What is our homework? I am fairly certain most are not going to like this assignment at all.

Most of us know and love people, Catholic people,  who are living a seriously sinful lifestyle, with their souls in danger.  I am not referring to people who smash their fingers with a hammer and say bad words like I do. I am referring to people who are completely and totally immersed in sinful lifestyles. Go home. Look around.  Make a list, written or mental. Then, contemplate onthis.

We often say nothing to them for the sake of peace, so that we can get along.  We must not make peace a higher priority than Truth or their immortal souls.  We must resist the false shame that society inflicts on us by saying that we are being judgmental. Remember, correcting a sinner is a work of mercy.  Yes, it is possible to correct poorly to nag and correct too much.  However.  if we are honest with ourselves, I think we will find that we more often we have failed to correct at all rather than overcorrect..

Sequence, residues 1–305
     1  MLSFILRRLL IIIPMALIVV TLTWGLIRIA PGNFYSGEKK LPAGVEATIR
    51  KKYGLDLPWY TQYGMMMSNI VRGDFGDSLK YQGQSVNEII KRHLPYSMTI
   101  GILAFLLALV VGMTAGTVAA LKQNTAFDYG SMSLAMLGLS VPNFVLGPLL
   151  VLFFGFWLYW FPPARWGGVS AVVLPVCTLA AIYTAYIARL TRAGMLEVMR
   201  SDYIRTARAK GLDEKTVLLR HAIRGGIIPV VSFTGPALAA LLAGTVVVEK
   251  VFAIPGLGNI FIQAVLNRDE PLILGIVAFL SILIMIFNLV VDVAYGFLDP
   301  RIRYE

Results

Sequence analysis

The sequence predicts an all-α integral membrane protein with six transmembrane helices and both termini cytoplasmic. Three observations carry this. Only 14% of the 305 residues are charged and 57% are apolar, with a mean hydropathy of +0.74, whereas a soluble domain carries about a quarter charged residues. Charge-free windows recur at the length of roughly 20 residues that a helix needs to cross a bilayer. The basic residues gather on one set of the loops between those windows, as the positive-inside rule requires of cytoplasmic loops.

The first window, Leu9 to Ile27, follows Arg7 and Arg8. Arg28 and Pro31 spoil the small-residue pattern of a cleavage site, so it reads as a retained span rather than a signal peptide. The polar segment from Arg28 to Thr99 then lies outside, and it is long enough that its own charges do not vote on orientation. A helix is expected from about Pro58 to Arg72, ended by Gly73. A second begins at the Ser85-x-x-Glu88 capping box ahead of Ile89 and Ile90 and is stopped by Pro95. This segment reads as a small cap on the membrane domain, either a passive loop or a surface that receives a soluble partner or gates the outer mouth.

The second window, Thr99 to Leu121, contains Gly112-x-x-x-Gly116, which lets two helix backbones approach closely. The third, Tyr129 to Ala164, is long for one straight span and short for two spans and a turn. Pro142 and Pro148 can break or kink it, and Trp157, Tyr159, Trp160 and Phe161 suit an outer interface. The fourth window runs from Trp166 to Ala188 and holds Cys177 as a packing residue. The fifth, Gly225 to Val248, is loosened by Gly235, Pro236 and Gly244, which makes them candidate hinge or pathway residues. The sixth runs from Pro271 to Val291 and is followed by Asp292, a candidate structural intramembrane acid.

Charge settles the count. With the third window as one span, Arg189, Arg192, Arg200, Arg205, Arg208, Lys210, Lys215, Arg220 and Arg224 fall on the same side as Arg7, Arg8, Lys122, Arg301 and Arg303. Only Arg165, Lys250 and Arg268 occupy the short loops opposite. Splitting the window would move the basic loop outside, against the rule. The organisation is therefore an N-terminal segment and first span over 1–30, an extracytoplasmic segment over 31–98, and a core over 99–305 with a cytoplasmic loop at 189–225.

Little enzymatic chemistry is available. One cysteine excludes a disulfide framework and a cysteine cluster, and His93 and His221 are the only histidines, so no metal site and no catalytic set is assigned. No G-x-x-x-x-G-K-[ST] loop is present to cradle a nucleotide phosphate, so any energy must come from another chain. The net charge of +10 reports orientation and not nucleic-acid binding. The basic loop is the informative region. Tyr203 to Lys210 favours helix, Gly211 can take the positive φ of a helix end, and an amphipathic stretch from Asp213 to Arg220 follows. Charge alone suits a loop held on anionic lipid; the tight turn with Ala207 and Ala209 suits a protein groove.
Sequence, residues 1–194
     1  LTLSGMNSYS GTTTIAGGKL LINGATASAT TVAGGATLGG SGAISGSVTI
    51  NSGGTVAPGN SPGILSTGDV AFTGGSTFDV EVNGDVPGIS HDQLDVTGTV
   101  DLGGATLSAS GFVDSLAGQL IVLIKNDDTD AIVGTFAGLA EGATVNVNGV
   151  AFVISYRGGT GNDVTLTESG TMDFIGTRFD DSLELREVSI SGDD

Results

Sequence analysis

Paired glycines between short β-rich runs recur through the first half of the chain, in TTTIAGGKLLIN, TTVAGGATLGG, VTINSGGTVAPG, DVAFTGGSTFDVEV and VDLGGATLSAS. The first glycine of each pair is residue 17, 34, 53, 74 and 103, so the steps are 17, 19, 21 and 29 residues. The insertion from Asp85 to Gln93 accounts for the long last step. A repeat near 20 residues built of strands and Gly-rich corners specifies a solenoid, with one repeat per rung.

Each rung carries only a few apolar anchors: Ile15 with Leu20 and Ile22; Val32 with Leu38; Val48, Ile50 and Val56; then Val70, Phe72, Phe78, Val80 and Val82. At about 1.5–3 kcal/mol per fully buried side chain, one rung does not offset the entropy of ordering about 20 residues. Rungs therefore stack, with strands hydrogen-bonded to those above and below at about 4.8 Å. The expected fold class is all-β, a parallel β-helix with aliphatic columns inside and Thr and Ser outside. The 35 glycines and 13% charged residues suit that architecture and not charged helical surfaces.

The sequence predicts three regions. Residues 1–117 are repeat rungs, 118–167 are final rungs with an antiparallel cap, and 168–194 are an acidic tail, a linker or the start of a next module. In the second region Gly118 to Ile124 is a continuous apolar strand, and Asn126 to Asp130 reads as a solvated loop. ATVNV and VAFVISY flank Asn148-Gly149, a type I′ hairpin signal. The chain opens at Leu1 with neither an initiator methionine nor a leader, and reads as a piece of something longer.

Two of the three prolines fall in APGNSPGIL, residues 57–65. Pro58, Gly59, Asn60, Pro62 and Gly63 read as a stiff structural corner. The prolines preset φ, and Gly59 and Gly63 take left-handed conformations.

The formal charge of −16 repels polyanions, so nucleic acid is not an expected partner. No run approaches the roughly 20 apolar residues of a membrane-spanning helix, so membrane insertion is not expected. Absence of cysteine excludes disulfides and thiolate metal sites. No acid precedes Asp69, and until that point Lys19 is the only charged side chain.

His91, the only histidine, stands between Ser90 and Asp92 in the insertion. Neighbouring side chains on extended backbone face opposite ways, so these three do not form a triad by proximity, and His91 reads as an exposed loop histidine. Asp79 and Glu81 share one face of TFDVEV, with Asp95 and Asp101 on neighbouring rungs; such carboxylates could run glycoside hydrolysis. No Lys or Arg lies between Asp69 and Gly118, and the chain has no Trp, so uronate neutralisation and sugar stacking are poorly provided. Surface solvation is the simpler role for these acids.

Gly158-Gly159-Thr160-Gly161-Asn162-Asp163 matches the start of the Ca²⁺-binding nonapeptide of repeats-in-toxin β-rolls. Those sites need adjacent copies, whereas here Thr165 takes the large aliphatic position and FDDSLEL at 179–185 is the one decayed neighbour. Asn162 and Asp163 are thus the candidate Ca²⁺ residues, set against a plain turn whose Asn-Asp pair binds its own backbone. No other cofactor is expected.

I challenge you to take just one person on your list and help them get to heaven.  Point out gently and with love, the danger in which they are putting themselves and show them a way out. It may be a little nerve-wracking.  You might stumble on your tongue a bit, but God will to prevail in this matter also.

Sunday, June 15, 2014

Homily Trinity Sunday Year A: The Effects of the Trinity